"Last Run" of Southern locomotive number 1401

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Kirk Louis Linton (1914-1987)

railroad engineer for the Richmond, Fredericksburg & Potomac Railroad

"Last Run" of Southern locomotive number 1401


Terry Louis Linton © 2008

 Linton Research Fund Inc., Publication © 2008

All Rights Reserved

LINTON & BIRD Chronicles Volume III, Issue 3, Fall © 2008


"Last Run"

On November 26,1961, Kirk Louis Linton (1914-1987) was the Richmond Fredericksburg & Potomac Railroad engineer who made the "last run" of Southern locomotive number 1401, as it was driven to it's final resting place inside of, the under construction, Smithsonian's Museum of American History, in Washington, District of Columbia.

Kirk drove the 1926, Pacific Type Steam Locomotive from Potomac Yards to a rail spur in Washington, D.C., Then two 250-ton-capacity railway steam cranes, of the Southern Railroad, lifted 1401 from the rail spur located about two miles from downtown. The two cranes set the engine on a special, 200-ton-capacity, multi tire trailer. Late on the night of November 25, and early on the morning of November 26, 1961, the engine and its tender were moved, part of the way on Constitution Avene, to its new home. Another eleven days were required to place the engine and tender in the museum. The east end of the new Smithsonian's Museum of American History was completed around the installed 1401. In January 1964, the Smithsonian's Museum of American History opened to the public.

Southern Railway Number 1401 is a steam locomotive that is the sole survivor of Southern Railway's Ps-4 class. Many railroad experts regard this type as the most handsome steam locomotives ever built. Today it is on permanent display at the Smithsonian Institution in Washington, D.C.. It has a Pacific-type or 4-6-2 (Whyte notation) wheel arrangement. The American Locomotive Company built it in 1926 at its Richmond Works. It pulled Southern's highest-level passenger trains from 1926 until Dieselization in the early 1950s, mostly on Southern's Charlotte Division. Its most famous and historic use was as one of the locomotives that pulled President Franklin Roosevelt's funeral train from Warm Springs, Georgia, to Washington in April 1945.

Kirk's father, Charles Edward Linton (1890-1958). "Charlie", early in January 1918, went to work for the Richmond Fredericksburg and Potomac Railroad. on April 15, 1918, he joined the Brotherhood of Railroad Trainmen. Charlie was a Brakeman for the R F & P Railroad for over 38 years. Charles worked at Potomac Yard in Alexandria, Virginia. According to the R F & P Railroad's The Quarter Century Club (Officers and employess who have attained a service record of twenty-five years or longer as of January 1 1948), Charles Edward Linton is listed as Linton, C. E., Brakeman, 30 years 0 months. Charlie is listed on page 22 in the Potomac Yard Transportation Department. Charlie retired in 1956, at the age of sixty-six.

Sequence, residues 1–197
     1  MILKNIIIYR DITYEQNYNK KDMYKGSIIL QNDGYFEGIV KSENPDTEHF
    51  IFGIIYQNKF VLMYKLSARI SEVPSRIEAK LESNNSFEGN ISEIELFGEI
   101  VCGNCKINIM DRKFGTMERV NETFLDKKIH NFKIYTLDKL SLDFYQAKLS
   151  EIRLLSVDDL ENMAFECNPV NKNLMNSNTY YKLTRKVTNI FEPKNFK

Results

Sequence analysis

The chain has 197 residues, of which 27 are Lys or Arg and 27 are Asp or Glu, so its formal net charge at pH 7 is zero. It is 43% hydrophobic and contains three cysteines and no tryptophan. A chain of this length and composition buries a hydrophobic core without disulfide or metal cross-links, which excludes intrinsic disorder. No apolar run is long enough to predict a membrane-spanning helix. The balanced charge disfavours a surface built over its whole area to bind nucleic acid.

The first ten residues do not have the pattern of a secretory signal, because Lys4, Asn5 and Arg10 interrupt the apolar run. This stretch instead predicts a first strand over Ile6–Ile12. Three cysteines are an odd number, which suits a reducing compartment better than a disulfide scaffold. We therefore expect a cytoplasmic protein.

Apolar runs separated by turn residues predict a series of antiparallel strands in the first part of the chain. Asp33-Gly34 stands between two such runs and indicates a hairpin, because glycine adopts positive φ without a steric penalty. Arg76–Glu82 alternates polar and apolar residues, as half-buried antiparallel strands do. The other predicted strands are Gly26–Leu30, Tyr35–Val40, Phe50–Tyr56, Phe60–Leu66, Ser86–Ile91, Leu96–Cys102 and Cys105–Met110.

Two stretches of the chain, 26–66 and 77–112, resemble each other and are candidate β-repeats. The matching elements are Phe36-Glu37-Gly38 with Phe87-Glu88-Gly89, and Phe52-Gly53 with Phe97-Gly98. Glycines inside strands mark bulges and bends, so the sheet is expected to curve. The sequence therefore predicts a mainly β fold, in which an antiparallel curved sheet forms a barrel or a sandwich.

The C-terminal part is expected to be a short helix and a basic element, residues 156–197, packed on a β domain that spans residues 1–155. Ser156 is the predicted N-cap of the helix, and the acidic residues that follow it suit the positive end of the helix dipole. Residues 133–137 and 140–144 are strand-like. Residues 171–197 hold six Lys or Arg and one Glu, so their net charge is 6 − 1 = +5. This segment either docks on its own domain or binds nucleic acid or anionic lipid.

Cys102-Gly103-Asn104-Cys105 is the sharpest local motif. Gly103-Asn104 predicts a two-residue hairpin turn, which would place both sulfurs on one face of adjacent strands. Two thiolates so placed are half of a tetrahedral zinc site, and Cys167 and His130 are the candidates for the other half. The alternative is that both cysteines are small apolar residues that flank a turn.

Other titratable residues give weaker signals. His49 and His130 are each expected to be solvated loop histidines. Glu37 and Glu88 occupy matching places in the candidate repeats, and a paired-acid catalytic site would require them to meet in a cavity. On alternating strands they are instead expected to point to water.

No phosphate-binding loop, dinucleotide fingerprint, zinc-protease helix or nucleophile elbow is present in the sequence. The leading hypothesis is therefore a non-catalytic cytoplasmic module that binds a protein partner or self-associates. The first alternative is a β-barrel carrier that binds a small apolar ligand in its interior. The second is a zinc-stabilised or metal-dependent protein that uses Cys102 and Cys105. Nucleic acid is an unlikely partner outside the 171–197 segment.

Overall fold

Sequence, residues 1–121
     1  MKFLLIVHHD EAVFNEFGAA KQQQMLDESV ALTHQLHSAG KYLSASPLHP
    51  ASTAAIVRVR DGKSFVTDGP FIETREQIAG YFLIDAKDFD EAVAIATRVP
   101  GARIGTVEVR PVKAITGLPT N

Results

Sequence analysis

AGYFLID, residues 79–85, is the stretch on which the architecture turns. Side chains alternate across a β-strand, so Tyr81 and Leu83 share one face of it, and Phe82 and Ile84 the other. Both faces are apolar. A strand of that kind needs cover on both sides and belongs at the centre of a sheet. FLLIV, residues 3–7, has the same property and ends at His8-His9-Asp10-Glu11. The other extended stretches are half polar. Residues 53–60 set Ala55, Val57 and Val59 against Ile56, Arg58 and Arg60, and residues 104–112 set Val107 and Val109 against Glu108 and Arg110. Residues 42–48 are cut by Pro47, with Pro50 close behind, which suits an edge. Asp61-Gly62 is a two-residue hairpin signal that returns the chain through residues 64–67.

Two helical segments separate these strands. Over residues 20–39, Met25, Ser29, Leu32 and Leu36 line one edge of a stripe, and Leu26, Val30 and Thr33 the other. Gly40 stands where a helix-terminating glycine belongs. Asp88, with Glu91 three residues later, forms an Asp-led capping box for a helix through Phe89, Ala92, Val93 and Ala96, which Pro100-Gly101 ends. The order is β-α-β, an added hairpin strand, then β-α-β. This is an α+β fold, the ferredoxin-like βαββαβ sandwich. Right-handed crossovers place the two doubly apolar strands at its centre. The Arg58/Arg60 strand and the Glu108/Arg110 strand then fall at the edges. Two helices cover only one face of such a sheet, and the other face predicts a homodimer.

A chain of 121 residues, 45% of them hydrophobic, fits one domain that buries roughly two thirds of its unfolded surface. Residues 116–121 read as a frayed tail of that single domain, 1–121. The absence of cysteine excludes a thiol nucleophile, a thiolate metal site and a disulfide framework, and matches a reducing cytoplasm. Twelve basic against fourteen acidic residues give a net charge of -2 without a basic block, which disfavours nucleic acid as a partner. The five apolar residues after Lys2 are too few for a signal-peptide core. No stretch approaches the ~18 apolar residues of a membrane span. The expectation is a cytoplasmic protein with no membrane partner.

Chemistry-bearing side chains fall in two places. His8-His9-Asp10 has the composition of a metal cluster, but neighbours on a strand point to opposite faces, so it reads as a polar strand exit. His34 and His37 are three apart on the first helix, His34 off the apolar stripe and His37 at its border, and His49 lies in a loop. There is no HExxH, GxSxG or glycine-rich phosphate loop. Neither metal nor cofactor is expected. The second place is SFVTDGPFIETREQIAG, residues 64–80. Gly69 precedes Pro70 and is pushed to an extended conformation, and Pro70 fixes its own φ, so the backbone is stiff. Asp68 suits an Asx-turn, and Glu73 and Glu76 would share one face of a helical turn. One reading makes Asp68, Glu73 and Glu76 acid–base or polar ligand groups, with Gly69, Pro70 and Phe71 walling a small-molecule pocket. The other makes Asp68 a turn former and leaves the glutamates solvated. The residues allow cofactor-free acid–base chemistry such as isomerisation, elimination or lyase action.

Kirk's younger brother, Theodore Francis Linton (1917-1970) "Ted", in 1937, got a part-time-job at Potomac Yard, in Alexandria, Virginia for the Richmond, Fredericksburg and Potomac Railroad. On April 28, 1939, Ted started working full-time in the Operating Department Transportation Section, of Potomac Yard. Ted worked as a clerk there for 33 years, until his death on December 5, 1970.

Kirk Louis Linton, early in 1940, went to work for the Richmond, Fredericksburg & Potomac Railroad as a fireman. On, January 13, 1944, Kirk was promoted to Railroad Engineer. Kirk, first worked on the "road," taking freight trains from Potomac Yards, in Alexandria, down to Richmond, Virginia. Then with more time in, Kirk was able to stay closer to Potomac Yard and finely working the "Hump" making up the north and south bound freight trains moving all up and down the Atlantic Coast. Kirk retired from the Richmond, Fredericksburg & Potomac Railroad, on April 1, 1979 after 39 years of service.

View Southern Railway Number 1401 in the Smithsonian's Museum of American History


R F & P Railroad Engineer Kirk Louis Linton's Southern 1401 as is displayed for all future generations to see.

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Bottom Photo: 

Engineer, Kirk Louis Linton (1914-1987), on board Engine No. 8, at the "North Bound Hump" at Potomac Yard, for the Richmond Fredericksburg & Potomac Railroad. (Photo taken by Kenneth Edward Linton in 1970.)